The Earth Day is observed on April 22. It's a day for the planet's future but it also gives climate change naysayers an opportunity to dig up some old controversies about the beginning of the observance. The extreme right wing in the US debunk the Earth Day, saying that it originated as a ruse to celebrate the 100th birth anniversary of Vladimir Lenin, the father of Russian revolution.
The right wing has never forgiven US Senator Gaylord Nelson for conceiving and organizing the Earth Day back in 1970. The most insane of the lot called him a 'Democ-rat'. The US far right believes environmentalism was a plot by the far left to stall the march of capitalism.
Curiously, in India, it was the left that grew suspicious about environmentalism and the causes it espoused in the beginning. When the Chipko movement in the Himalayas ushered in a new age of nature awareness, it was debunked as a capitalist/imperialist plot to prevent India's rise as a socialist power.
However, in the 90s the tide turned again. When India formally shed its socialist leanings in the early 90s, the environmentalists were still seen as enemies but of a different hue. Medha Patkar and her band of activists were branded as socialist conspirators who were trying to stop India's growth as a neo-liberal economy.
Environmentalism is an ideology that will never cease to surprise because of the ironies it presents. A whopping 80 percent of the Americans say they are environmentalists (according to a National Geographic report in 2012), yet their country leads the global race in maniacal consumption. True environmentalists around the world never realize they are environmentalists, let alone profess the love of nature. Closet environmentalists write many a fine thesis on global warming sitting in AC rooms. Urban concrete jungles are marketed as the 'green side of living'.
The Earth Day debunkers in the US now have the time of their lives. Their messiah is the president now. Donald Trump became the first US president to call global warming a hoax. He pulled the US out of the Paris climate accord last year. That's the far right's revenge on Senator Nelson and Vladimir Lenin. In another irony, Trump maybe secretly thanking another Vladimir from Russia for helping him ascend presidency.
Seriously, was there a link between the first Earth Day in 1970 and the Left movement? Objective studies have trashed rumors of any obvious link. Senator Nelson had been ineffectually campaigning about the ills of rising pollution, climate change and unruly consumption patterns for years. However, no one had listened. Then came the massive oil spill at Santa Barbara. Nelson put together the activist army in his influence and announced a great gathering for the cause of Earth.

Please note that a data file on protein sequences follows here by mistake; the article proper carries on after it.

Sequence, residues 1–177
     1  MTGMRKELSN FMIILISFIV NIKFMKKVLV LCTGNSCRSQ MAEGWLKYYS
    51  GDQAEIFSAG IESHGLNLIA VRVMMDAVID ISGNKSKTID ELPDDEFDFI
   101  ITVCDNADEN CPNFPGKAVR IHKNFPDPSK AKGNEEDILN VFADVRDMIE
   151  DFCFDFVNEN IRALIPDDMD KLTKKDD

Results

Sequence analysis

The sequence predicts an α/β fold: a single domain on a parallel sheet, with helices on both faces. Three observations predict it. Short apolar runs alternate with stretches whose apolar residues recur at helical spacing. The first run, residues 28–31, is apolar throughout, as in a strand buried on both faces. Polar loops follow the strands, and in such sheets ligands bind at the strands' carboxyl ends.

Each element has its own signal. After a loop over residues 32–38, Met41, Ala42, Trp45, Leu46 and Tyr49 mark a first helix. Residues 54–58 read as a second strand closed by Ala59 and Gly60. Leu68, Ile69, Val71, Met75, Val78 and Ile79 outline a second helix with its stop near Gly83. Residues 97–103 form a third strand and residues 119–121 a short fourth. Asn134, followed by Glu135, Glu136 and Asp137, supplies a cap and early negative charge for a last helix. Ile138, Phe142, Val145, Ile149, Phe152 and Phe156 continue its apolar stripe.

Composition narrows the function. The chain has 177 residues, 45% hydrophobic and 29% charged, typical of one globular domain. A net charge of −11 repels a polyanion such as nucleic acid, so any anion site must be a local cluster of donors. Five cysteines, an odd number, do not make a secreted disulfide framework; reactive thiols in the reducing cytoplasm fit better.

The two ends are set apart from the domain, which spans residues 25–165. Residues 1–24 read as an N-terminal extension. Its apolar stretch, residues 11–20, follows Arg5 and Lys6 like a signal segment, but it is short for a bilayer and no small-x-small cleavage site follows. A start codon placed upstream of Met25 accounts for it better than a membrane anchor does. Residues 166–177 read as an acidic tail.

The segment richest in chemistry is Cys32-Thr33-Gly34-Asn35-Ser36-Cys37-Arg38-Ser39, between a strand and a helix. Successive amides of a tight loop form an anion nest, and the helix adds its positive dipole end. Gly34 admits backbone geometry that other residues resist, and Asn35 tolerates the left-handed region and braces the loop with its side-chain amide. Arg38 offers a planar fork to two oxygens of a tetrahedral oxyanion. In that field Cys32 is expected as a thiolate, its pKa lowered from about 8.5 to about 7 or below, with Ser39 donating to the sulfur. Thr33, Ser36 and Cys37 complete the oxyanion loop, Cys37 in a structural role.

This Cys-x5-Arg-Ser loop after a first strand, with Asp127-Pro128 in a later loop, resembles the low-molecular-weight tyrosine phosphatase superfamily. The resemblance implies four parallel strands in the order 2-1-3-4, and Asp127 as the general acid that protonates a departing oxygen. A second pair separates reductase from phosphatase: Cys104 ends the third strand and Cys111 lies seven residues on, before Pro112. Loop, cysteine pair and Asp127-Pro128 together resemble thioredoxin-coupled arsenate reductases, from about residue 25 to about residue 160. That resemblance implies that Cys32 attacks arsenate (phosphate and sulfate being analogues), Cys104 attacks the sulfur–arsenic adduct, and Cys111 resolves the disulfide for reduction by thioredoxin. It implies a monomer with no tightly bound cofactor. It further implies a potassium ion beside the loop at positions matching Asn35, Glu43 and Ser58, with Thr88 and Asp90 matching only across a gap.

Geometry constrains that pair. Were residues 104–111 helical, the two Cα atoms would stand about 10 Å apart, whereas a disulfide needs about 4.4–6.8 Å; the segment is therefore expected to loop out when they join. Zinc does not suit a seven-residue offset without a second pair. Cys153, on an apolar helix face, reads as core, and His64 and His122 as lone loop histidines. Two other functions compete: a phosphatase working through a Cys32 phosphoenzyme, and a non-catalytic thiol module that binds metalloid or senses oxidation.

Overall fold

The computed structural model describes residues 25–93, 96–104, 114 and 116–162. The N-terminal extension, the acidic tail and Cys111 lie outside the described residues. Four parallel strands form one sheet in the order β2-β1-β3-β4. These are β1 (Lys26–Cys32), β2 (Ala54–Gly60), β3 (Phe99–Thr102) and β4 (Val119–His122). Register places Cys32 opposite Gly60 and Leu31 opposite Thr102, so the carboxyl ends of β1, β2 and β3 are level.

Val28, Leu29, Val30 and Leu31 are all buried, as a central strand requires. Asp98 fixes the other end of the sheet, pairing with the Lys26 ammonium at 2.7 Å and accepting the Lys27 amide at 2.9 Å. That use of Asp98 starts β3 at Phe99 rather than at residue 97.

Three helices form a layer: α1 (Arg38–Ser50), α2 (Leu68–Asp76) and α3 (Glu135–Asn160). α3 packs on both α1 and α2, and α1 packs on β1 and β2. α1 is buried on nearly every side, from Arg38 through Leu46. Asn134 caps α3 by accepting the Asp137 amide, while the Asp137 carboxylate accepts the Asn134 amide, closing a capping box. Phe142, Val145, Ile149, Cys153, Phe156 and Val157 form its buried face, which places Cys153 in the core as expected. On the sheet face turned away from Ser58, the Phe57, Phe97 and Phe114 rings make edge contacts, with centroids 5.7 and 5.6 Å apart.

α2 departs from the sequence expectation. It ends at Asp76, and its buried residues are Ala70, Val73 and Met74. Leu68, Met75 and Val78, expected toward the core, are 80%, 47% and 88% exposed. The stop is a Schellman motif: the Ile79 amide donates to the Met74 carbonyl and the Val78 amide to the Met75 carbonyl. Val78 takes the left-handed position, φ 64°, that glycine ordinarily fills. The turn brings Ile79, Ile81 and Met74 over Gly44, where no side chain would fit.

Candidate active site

Nelson's pro-Earth campaign became a huge success, with around 20 million people across the country participating in it. But the choice of the date irked some. April 22, 1970 was the 100th birth day of Vladimir Lenin. Soon the detractors said Earth Day was more red than green.
There were extenuating factors that gave conspiracy theorists the benefit of doubt. Late 60s were marked by the fervor of anti-Vietnam war protests in the US. The anti-war movement was initially a movement by the New Left, which was then taken up by the hippies, the campuses and the civil rights advocates. The anti-war movement got its energy and orientation from the numerous "teach-in" sessions held in campuses across the country. Nelson's Earth movement had also started off as a string of teach-ins.
It's immaterial if the first Earth Day was a communist plot. What if it really was one? The crux of environmentalism is resources -- their use, misuse and the inequalities in the access to them. The politics of the environment is more relevant today than ever. The demonization of environmentalism is a useful ploy used by all resource monopolies -- whether they are bourgeoisie, communist or neo-liberal.
When the poor people in the countryside try to protect their livelihoods, their farms and their lakes they are easily branded as enemies of the system. Quite evocative terms like environmental terrorism are created. When the whimper becomes a bark, other isms are ascribed to them -- Naxalism, Maoism etc.
However, all along, everyone loved the glossy environmentalism - the public tree hugging, the ceremonial planting of trees on Mahatma Gandhi's remembrance day and countless other tokenisms. Now it looks like the fight for the environment has been outsourced to the corporations, including oil companies, refineries and mining behemoths.
Big corporations have big money to spend in the social responsibility projects, and invariably spending money on environmental projects is the cool thing. In most cases it's akin to handing the cancer awareness project to tobacco companies.
Despite all campaigns, consumption never decreases and relentless urbanization never stops. The alienation of the people from nature is only increasing. Cities thrive and expand while the countryside and the people who live there are relegated to a lower level existence. Cities are magnets that suck in resources, and one day they will become more powerful than even nation states.
That's the travesty that environmentalists should fight to avoid.
(Opinions expressed are personal)